Common law notice is also available to non-unionized federally regulated employees. There are several factors that need to be evaluated in determining common law severance payment. Our experienced employment lawyers will discuss your case in detail and will advise you regarding how much severance you are entitled to.
Importantly federally regulated employees with over one year seniority have a third method, which is unjust dismissal. Federally regulated employees have union-like protections and can ask for their jobs back if they have been unjustly dismissed under the Canada Labour Code, section 240. In 2016 the Supreme Court of Canada found that backpay with the offer of reinstatement could not be ‘bought out’ by an employer by them paying reasonable common law notice in the case of Wilson v. Atomic Energy of Canada Ltd., 2016 SCC 29 (CanLII),  1 SCR 770, <https://canlii.ca/t/gsh2f>. Employees can make unjust dismissal complaints through their own private lawyer.
Common Law Notice Applies To the Following Types of Employees
By default, all non-unionized employees in Ontario (and Canada) are entitled to common law notice of termination of employment. Every employee, who does not have an enforceable termination clause, who is terminated without cause is entitled to common law notice. Employees who are let go for “just cause” are not entitled to notice.
Common Law Notice Does Not Apply To the Following Types of Employees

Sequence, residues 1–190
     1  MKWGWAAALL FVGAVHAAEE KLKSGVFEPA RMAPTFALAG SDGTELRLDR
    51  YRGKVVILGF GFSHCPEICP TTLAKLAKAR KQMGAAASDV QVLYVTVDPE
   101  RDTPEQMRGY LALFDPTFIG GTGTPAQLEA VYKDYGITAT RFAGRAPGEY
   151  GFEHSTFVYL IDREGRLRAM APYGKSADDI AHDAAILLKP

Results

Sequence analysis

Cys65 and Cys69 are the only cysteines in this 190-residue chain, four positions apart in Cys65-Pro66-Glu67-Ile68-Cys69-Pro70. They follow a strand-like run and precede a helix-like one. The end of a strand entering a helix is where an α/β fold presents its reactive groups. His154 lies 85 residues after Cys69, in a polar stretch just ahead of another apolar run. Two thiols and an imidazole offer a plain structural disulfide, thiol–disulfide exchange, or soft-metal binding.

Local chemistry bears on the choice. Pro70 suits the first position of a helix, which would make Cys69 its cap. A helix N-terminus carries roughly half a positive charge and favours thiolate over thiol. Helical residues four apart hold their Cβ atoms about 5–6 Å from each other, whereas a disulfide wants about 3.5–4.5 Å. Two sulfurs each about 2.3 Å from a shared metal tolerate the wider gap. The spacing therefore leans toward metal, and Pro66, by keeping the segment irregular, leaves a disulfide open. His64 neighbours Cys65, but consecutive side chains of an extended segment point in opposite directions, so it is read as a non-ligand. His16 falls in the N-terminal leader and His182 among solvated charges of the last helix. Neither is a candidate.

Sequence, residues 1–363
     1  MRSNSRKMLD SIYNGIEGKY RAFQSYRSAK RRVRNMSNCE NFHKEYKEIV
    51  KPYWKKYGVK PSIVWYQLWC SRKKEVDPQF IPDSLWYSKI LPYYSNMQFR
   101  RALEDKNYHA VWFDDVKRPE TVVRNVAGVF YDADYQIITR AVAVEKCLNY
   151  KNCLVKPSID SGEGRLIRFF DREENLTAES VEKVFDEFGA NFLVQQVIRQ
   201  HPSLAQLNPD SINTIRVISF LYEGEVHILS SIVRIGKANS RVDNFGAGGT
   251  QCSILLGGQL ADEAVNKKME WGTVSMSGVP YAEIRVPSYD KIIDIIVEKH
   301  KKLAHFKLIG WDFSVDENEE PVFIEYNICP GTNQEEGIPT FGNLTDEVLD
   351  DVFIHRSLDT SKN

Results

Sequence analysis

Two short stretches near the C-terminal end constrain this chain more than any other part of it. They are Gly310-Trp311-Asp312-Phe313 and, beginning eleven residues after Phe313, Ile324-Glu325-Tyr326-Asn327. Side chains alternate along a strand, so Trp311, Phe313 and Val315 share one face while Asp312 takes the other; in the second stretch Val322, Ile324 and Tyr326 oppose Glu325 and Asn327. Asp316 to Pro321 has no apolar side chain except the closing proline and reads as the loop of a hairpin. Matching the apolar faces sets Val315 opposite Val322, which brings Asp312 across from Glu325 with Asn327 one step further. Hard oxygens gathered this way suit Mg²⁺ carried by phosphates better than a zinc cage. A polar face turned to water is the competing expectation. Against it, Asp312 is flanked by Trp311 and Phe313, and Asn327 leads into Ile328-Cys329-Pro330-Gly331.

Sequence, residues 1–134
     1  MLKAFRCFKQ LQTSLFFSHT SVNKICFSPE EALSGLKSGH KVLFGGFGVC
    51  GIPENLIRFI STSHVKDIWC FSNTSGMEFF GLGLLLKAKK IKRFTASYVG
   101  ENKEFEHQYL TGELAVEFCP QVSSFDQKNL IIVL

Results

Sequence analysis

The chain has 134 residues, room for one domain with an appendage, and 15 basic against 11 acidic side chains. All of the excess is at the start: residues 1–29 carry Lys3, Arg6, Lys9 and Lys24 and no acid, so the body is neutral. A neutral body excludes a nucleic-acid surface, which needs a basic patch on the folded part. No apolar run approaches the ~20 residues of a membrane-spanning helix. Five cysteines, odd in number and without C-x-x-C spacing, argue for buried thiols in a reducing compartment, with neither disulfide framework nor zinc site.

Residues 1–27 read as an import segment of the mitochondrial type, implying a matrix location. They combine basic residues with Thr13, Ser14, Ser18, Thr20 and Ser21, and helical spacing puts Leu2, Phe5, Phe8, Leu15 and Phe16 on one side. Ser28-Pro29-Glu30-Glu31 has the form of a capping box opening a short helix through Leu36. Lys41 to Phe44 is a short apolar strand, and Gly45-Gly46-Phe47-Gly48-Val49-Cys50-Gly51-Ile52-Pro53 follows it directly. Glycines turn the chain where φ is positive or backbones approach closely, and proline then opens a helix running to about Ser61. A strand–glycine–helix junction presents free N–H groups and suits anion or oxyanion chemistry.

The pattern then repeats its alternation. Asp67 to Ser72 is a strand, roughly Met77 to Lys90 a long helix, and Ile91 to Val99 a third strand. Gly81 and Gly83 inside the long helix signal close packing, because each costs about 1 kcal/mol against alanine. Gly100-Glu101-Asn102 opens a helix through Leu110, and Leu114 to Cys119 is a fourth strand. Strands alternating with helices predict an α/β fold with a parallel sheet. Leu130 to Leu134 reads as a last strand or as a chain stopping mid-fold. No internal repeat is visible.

Although most employees in Canada are entitled to common law notice, unfortunately, some employees will not be. Employees who are not eligible for common law notice include:
- Unionized employees: Unionized employees are not able to sue for wrongful dismissal. The rights of these employees are governed by their respective collective agreements. However, unionized employees have other protections available to them under the Ontario Labour Relations Act, 1995, including that they cannot be terminated without “just cause”.
- Fixed-term contract employees: Common law notice is only available to employees working under an indefinite contract. Where an employee under a fixed-term contract has been dismissed in breach of their contract, they may only be entitled only to the balance of the term. This can be both good and bad for employees. For instance, an employee under a two-year contract who has been terminated after only one year will be owed an entire year’s pay. On the other hand, if they were terminated 22 months into their contract, they may only be owed the remaining 2 months’ pay. One important factor would be if there were many one-year contracts, which can be found to automatically convert into an indefinite contract, see Ceccol v. Ontario Gymnastic Federation, 2001 CanLII 8589 (ON CA), <https://canlii.ca/t/1fnnp>.